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Is the Direct Primary Care Model Dead?

A recent Medical Economics article asked “Is the DPC model at risk of failing?”

The piece focuses on two large DPC-like organizations, Qliance Medical Management of Seattle, Washington and Turntable Health of Las Vegas, NV, working in partnership with Iora Health, which recently closed their doors. Qliance and Turntable were not actually DPC practices by strict definition; they were innovative large business operations providing healthcare services to patients and excluding third party payers. Their idea was commendable, but their closure indicates little cause for concern in regard to the growing Direct Primary Care movement.

Robert Berenson, MD, who admits to not being a fan of the DPC model, said “Qliance has been the poster child for DPC… If that one can’t make it… it suggests the business model (of DPC) is flawed.”  He is correct about one thing; the “business” model of medicine is certainly flawed.

What Dr Berenson fails to realize is that DPC is not a “business” model; it is a “care” model. Whether accepting insurance or DPC in structure, we already know solo and two-physician practices deliver the best care and have been doing so for the past 100 years. These intimate clinics know their customers better than anyone else in the industry, and can devote the time necessary to their clientele; these micro-practices should be known as the small giants of healthcare.

Strictly defined, Direct Primary Care is a practice model centered on an arrangement wherein a patient and physician enter into a contract to provide unlimited primary care services for an affordable monthly fee (less than $100/month.) 80% of healthcare needs can be met in a DPC practice. The typical DPC practice has 1 or 2 physicians, 600 patients maximum per physician, and on average each physician sees 10 patients per day. Employees are minimal, usually including a receptionist and/or medical assistant. Only minimal office space is required to run such a lean operation, so overhead remains low. Supplies, medication, and equipment are purchased on an as needed basis and used only when necessary.

Qliance, founded in 2007 by Dr. Garrison Bliss and Dr. Erika Bliss, charged $64/month for adult members and $44/month for children. They had 13,000 patients in total including primary care and emergency care services, more than 20 times the number of patients compared to a traditional DPC clinic. They were trying to use a model embraced by direct primary care practices yet scale it into something entirely different. After 10 years, the experiment failed.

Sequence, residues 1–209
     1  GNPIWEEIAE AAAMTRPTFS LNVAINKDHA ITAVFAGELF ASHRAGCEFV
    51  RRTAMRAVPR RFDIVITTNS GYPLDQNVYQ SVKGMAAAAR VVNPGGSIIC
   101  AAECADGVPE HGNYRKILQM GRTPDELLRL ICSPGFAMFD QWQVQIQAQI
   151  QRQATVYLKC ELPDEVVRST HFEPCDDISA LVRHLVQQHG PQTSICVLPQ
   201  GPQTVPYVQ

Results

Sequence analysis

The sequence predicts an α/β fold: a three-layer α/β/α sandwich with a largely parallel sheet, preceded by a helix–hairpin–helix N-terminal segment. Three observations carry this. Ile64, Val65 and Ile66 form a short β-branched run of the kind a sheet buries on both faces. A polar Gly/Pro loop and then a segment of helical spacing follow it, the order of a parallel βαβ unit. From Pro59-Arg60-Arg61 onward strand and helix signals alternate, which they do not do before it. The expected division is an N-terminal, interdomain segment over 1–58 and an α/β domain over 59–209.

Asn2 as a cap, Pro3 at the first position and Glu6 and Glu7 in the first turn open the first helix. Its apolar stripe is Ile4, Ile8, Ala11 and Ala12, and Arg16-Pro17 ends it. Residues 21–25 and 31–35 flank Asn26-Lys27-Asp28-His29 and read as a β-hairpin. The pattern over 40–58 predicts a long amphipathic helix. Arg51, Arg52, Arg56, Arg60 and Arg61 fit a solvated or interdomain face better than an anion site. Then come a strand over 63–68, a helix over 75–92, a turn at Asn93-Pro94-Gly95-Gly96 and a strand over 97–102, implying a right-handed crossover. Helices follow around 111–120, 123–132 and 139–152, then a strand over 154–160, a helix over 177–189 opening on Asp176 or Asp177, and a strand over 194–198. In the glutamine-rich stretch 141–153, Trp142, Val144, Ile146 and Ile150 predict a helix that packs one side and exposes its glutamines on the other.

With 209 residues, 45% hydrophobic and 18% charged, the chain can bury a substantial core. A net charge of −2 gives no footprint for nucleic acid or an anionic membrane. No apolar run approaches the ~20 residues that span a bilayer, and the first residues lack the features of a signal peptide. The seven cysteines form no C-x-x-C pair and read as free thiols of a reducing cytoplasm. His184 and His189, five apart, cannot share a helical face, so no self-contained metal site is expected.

Iora Health, vying to become the “Starbucks” of healthcare, was in partnership with Turntable Health utilizing a “team based” concept. Each “team” included a physician, nurse, and a health coach. This model contracted with individuals, but also employers and unions already paying for healthcare by offering improved access to primary care services and pocketing a portion of the savings that materialized. In this model, physicians usually had 1000 patients and each health coach with a few hundred. Turntable charged $80/month for adults and $60/month for children to have access to their vision of a “wellness ecosystem”, which included yoga, meditation, and cooking classes.

An article in the New York Times quoted Duncan Reece, the VP of Business at Iora Health, “We wanted to do something radically different and show this isn’t your grandfathers’ doctor’s office.”

I get it. This is the kind of things that VP of Business say.

Let’s walk it back. Can someone please tell me what was wrong with that model? It was a quintessential small giant of the business world. My grandfather was an outstanding general practice physician with a small office and one nurse on staff. He made house calls. He did appendectomies, tonsillectomies, C-sections, vasectomies, and met most of his patients’ basic primary health care needs for 40 years. Why do we need something radically different?

The bottom line is healthcare requires two participants.

One physician and one patient. While it is a nice idea, we do not need yoga, massage, or smoothie bars in our clinics to improve patient outcomes. Adequate medical knowledge and time for meaningful conversations is essential; something the small giants of healthcare are experienced in providing. The vision of a “wellness ecosystem” should probably go the way of the “patient-centered medical home,” as there is little cost savings or difference in outcomes compared to the traditional fee-for-service system.

So what qualities make the best practices? According to a study conducted by The Peterson Center on Healthcare at Stanford, the very best primary care practices have either one location or a small handful of them. Stanford compiled a list of 10 distinguishing features of these top practices and many are commensurate with being a “small giant” of the business world. My favorite characteristic on the list is to invest in people, not space or equipment. By lowering overhead, physicians are not relying on patient volume to generate adequate income. These practices are consciously choosing to stay small by renting minimal space and investing in added services only when believing them to be more cost-effective.

The government and insurance companies cannot fix healthcare. It is up to physicians and patients– one micro-practice or DPC clinic at a time. Dr. Kimberly Legg Corba, owner of Green Hills Direct Family Care, said “The DPC model is growing and practices are converting all the time. Some are opening by transitioning an established practice, some are physicians starting clinics fresh out of residency from scratch, and others are leaving employed positions to return to practicing medicine in a way they love.”